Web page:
Through that (college) course, being with a bunch of secular people, and being able still to stand my ground and be a believer and express my love for God and His love for me and how I’ve seen Him work in my life and how I have that hope…even though times will be tough here on earth, absolutely, being a believer doesn’t mean life is easy, but I have that hope of being able to spend eternity with Him where there are no more tears and there is no more pain, where I’ll be able to worship Him…to have that hope of not just having my life and what matters here but when I die…to be able to share that with other people…
So, through that course, I realized there is this void…like when people are diagnosed with a terminal disease and the time they spend in hospice. Before I went to Haiti, I was working with my mom’s best friend who had grown up in a church but with some kind of twisted views with the way you dress and if you wear make-up and jewelry and that kind of weird stuff. She was at odds with her daughter and granddaughter, and was still so afraid to die. At 78-years-old, having COPD and emphysema, she was still hoping she was somehow going to get a heart and lung transplant because she was so fearful of dying…being able to explain my peace that I had that I could go today, and I’d be happy to go today, that I wouldn’t have fear of going today, and being able to somehow, like through osmosis, being able to transfer that to her little by little in sharing Scripture with her and by God planting other people in her life like somebody who gave her a Bible…Her daughter was a strong believer, but they had butted heads so many times…being able to facilitate she and her daughter making amends and she and her grand-daughter making amends and she and God making amends…and having it all come together at a point where she was able to help plan her own memorial, to the point of picking out the Scripture and the photos she was going to have in her photo montage, and picking out these little tea pins to go in the bulletin because she always did these teas…and then being able to officiate it, and have it be not only a reflection of her, but a reflection of God, and have two men come up to me afterward and say that was the best memorial they had ever been to, where’s your church? Just to be able to walk with her from the first step of that diagnosis to the very end was not only very gratifying for me but also for her whole family, and for her too.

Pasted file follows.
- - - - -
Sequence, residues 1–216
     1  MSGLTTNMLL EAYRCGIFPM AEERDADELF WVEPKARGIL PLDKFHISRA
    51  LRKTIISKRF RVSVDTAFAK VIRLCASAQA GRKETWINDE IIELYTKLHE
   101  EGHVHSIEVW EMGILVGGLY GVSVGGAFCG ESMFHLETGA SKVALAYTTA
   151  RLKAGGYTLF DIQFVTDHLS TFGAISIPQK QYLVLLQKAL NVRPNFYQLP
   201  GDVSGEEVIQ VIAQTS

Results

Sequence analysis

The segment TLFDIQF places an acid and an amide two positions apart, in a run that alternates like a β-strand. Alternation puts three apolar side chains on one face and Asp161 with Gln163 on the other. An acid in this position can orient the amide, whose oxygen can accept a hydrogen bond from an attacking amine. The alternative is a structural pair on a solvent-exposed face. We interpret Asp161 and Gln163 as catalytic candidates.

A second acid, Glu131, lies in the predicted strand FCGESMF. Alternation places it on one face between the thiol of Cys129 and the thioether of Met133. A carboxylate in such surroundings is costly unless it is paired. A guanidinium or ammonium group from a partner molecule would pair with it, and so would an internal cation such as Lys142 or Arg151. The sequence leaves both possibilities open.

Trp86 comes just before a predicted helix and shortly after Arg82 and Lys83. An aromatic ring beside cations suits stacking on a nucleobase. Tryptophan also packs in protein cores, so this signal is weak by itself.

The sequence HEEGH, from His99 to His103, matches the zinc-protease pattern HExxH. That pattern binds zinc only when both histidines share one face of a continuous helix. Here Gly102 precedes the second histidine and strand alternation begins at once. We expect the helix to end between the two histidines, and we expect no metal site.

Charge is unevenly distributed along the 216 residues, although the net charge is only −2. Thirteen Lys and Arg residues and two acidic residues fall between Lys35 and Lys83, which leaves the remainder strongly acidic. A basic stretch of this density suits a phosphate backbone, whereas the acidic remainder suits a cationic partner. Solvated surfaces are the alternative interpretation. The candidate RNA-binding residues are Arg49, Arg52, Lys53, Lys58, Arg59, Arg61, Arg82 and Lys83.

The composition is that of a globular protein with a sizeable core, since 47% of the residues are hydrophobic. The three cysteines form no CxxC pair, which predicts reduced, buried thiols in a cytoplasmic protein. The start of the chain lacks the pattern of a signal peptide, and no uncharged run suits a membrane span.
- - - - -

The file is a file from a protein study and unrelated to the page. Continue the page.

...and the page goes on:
And so, God had kind of been working on me, before I went to Haiti…and through my step-dad, too, who had grown up Catholic and had Alzheimer’s and was fearful of dying and fearful of Purgatory. I said when Jesus was on the cross, he didn’t said to the thief ‘Today, I’ll see you in Purgatory.’ He said, ‘I’ll see you in Paradise.’ To be able to ask him about his fears and to be able to ask him about things his wife could not ask, for whatever reason, or others in his family could not do, and have him feel safe enough to be able to cry and tell me what was going on. That made me see that pastoral heart that God gave me, still with people who may be near the end of their life but maybe not at the hospice part, because I learned in my class people don’t use hospice until it’s too late.”
And that has birthed in Ani an idea to pursue forming a non-profit organization.